While it's going to look like I'm singling out two specific parents, that isn't the purpose. They are just two of the many available examples of what I want to illustrate. There are many more similar examples--not only reported in the media, but also in the science, where the observers are not parents but behaviour analysts and cognitive scientists.
The first parent is the Conservative MP Mike Lake, who has talked about his brilliant autistic son in the media and in the House of Commons. The first I read about Mr Lake's son Jaden (who, at age 11, communicates via keyboard) was in a National Post story. Here is Mr Lake describing Jaden at about age 2yrs:
We could tell he was a smart kid, in terms of numbers and the way he played with letter toys. But he would sit in a corner and play and you could not get his attention at all. We wondered if he was deaf, but if you went into a different room and put Winnie the Pooh on television, he'd hear it.
It looks like Jaden has taught himself both some degree of numeracy and some degree of literacy--all by age 2. As is characteristic of autistics, he does not orient to stimuli in typical ways, and is attracted to the kinds of information from which he learns well.
In the House of Commons, Mr Lake elaborates on Jaden's extraordinary abilities, evident from a very early age:
Between 18 months and 2 years old Jaden started doing some pretty amazing things. Like just about every kid his age, he had one of those foam alphabets that fit inside a foam frame. One day on a whim Debi took the frame away and left him with just a jumbled pile of letters. Jaden proceeded to put the letters in order just as fast as we would do it the very first time.
Then to our amazement, a friend of ours mixed up the letters in a pile and put out the letter Z. Jaden, without missing a beat, put the letters in reverse order Z, Y, X, W, V and so on just as fast as he had done forward.
This shows that Jaden has learned a great deal from his environment, that he is responsive to this environment, and that he responds to the actions of others (his way of communicating and playing). But Mr Lake again sees problems:
As amazing as things like this were, during his second year we started to notice some other things that caused us some concern regarding Jaden's development. He was extremely content playing on his own with little or no interest in playing with other kids or interacting with adults. His speech was not really developing beyond the first initial few sounds and he was very focused on patterns, often spending an inordinate amount of time lining up his videos or stacking cups in perfect order. He paid little attention when we tried to talk to him or play with him. We would have thought he had a hearing impairment except for the fact that if he heard a video he liked start up in another room at very low volume, he would instantly stop what he was doing and go to watch it.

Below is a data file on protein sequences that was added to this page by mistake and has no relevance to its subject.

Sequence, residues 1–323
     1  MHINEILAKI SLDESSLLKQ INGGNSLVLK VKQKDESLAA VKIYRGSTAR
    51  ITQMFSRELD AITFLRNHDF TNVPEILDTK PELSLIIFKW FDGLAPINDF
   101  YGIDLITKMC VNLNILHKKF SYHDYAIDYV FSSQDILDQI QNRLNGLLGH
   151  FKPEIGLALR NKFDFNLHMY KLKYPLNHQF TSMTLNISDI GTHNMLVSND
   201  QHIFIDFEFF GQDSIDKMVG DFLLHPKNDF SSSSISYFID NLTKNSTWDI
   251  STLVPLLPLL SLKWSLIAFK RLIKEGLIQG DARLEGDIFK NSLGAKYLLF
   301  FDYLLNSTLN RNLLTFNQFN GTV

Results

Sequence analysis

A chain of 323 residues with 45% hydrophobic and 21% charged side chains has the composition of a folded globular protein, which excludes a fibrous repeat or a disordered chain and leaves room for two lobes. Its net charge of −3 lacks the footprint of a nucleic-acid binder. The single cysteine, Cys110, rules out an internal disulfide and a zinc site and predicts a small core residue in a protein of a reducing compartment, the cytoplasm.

So what is the solution? This is Mr Lake describing Jaden's ABA program in the National Post:
The first thing they did was sit Jaden at a table and put a spoon in front of him and ask him to hand them the spoon. They would do that six hours a day, for days and weeks. The next stage, they would put a spoon and a fork down and go through the whole process again. It is very tedious and intensive. But his pediatrician said that he is entirely different due to ABA. He's now one of the most amazing kids -- he will look you in the eye and he will understand you when you ask him to do something.
The second example, where ABA is also said to have changed everything, is from Autism Vox. Here is the first part of the first comment on a post about ABA and recovery:
My daughter has made great strides with ABA therapy as well. I mean I don’t think there’s any question of the effectiveness of it for enabling autistic children to learn. Every single thing she knows, she learned from ABA. This is fact. Except for the things that seem to be her gifts. She spelled words with refrigerator magnets long before ABA therapy. She plays the piano almost in spite of ABA therapy. She taught herself to read without the use of ABA therapy. Adding and subtracting. She was obsessed with numbers and sequences of numbers before ABA.
Having said that, she had no language before ABA, no eye contact, no social skills, absolutely ignored everyone and everything. This is really amazing though. My mother has a small dog. She babysat for Jodi for the first two years of her life. She started a not so good ABA home program in my mother’s house where she spent the day. This dog never meant a thing to her. After ABA therapy, when we go to my mother’s house she’s afraid of the dog. It’s weird. It’s almost like before ABA that dog didn’t even exist. I know this is subjective, but prior to ABA she seemed much less engaged in the world. Much less is an understatement. She seemed like she wasn’t even there and when something was thrust upon her like someone saying hello up close that she couldn’t avoid, she’d cover her ears.